High-performance computing (HPC) is an umbrella term that refers to the aggregation of computing resources at large scale to deliver higher performance. This aggregation helps solve large, complex problems in many fields, including science, engineering, and business.
Graphics processing units (GPUs) offer a parallel architecture and high performance that speed up certain computing processes, especially those related to artificial intelligence (AI) and machine learning (ML) models. Combining GPUs with HPC clusters can increase the processing power of data centers. It enables data scientists and researchers to process massive amounts of data faster, more efficiently, and at lower cost, compared to computing nodes relying only on central processing units (CPUs).
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Typically, there are 16-64 nodes in an HPC system. Each node runs multiple CPUs, providing greater processing power than a traditional computing system. HPC nodes also have fast storage and memory resources, providing higher speed and greater capacity than a traditional system.
HPC systems often incorporate GPS to provide even higher processing power. They combine CPUs and GPUs in a hybrid computing system.
A hybrid computing HPC system is useful for AI projects in the following ways:
Related content: Read our guide to HPC AI
Here are the two main methods of processing information in HPC:
The majority of HPC systems enable parallel processing by aggregating multiple processors and memory modules across ultra-high-bandwidth interconnections. The use of CPUs and GPUs together is called heterogeneous computing, offered by some HPC systems.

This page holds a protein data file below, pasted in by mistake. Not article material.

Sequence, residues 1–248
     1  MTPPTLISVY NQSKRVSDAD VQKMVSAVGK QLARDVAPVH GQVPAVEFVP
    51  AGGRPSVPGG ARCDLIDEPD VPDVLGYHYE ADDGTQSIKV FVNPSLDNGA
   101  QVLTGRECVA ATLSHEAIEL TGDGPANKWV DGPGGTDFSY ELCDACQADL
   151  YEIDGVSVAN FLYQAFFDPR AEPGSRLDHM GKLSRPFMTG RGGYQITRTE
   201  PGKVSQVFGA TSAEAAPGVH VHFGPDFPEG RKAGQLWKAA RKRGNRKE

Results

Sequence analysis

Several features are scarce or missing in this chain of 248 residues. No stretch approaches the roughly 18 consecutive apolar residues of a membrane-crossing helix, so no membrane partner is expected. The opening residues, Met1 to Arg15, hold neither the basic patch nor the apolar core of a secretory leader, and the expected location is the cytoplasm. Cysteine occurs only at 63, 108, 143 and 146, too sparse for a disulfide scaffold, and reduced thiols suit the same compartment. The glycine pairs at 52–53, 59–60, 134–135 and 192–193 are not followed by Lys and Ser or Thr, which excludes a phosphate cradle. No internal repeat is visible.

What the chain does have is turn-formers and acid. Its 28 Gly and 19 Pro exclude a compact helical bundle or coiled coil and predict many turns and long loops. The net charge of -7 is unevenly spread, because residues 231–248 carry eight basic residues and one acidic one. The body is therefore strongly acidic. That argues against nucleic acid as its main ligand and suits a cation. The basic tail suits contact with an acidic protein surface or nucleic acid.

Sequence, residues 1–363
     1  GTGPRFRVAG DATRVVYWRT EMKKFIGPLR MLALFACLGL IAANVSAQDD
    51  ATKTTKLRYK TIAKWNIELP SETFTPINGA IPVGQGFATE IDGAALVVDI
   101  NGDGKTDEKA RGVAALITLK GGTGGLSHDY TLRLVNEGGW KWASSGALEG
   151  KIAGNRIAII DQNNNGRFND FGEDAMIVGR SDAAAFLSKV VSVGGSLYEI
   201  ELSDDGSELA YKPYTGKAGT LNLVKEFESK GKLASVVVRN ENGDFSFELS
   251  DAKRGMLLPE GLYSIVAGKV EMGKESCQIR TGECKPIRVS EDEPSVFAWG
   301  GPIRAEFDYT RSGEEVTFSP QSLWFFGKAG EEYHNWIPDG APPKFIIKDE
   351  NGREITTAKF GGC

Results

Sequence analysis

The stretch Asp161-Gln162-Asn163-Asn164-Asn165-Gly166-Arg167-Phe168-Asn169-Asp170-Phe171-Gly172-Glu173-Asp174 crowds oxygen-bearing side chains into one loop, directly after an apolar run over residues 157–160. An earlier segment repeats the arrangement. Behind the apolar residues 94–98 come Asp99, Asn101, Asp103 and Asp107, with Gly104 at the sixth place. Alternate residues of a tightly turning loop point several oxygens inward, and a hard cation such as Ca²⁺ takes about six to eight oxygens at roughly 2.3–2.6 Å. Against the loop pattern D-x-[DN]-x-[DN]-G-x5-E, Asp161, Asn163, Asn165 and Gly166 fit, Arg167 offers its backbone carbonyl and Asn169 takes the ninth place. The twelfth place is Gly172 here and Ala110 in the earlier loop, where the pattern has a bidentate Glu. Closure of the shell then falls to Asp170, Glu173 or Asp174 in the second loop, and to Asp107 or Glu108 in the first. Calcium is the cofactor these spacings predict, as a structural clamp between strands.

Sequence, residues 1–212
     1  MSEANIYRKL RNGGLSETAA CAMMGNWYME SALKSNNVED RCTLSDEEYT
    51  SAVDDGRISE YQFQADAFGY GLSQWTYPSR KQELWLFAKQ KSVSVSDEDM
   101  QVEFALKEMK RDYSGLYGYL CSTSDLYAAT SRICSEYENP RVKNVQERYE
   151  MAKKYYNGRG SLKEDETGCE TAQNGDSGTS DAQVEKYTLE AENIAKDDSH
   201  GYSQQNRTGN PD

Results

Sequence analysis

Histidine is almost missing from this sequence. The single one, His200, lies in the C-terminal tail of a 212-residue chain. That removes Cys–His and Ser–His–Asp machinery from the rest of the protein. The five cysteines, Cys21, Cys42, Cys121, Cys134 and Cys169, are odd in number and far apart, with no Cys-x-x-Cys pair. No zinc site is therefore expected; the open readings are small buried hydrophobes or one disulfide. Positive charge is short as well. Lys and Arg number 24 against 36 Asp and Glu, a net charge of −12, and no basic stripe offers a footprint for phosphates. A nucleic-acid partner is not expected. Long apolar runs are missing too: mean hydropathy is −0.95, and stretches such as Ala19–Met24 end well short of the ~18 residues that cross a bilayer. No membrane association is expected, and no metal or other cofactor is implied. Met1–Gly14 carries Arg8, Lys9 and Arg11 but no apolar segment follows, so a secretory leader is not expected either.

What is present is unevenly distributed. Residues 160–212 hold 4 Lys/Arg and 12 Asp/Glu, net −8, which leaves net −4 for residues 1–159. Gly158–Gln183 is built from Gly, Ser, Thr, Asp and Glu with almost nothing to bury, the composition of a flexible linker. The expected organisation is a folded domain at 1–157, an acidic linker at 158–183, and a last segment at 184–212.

HPC encompasses various technologies enabling large-scale parallel computing. HPC systems traditionally relied on CPUs, though today, HPC systems are increasingly incorporating GPUs. HPC servers often combine multiple GPUs and CPUs in a single system.
Hybrid HPC systems use a dual root configuration design that allows numerous processors to access memory efficiently. An optimized Peripheral Component Interconnect Express (PCIe) bus combines CPUs and GPUs. Dual root servers contain two main (root) processors, each with its own memory zone—these two processors share the PCIe bus, each receiving about half of the PCIe slots.
The PCIe architecture includes three types of high-speed data links:
Dual root PCIe design patterns help optimize the use of CPU and GPU memory to support applications requiring a high degree of parallelism and sequentiality.
The A100 is NVIDIA’s industrial-strength, data center GPU. It has 54 billion transistors and is considered the world’s largest processor in the 7nm range. NVIDIA’s Multi-Instance GPU (MIG) technology allows each A100 to be partitioned into up to seven virtual GPUs.
The V100 is powered by the NVIDIA Volta architecture. It has 640 Tensor Cores, and was the first GPU to break the 100 teraFLOPS barrier.
The Tesla T4 was designed especially for HPC, deep learning, and data analytics workloads. It is a single-card slot with relatively low power consumption—only 70W. It has 320 Tensor Cores and 2560 shading units for graphical operations.
The RTX 8000 was optimized for operations like CAD and 3D modeling, but can also be useful in HPC deployments. It has 4,608 CUDA Cores, 576 Tensor Cores, and reaches 130.5 teraFLOPS for Tensor-based workloads.
Run:AI automates resource management and orchestration for HPC clusters utilizing GPU hardware. With Run:AI, you can automatically run as many compute intensive workloads as needed.
Here are some of the capabilities you gain when using Run:AI:
Run:AI simplifies HPC infrastructure, helping teams accelerate their productivity and conserve costs by running more jobs on fewer resources.
Learn more about the Run:AI GPU virtualization platform.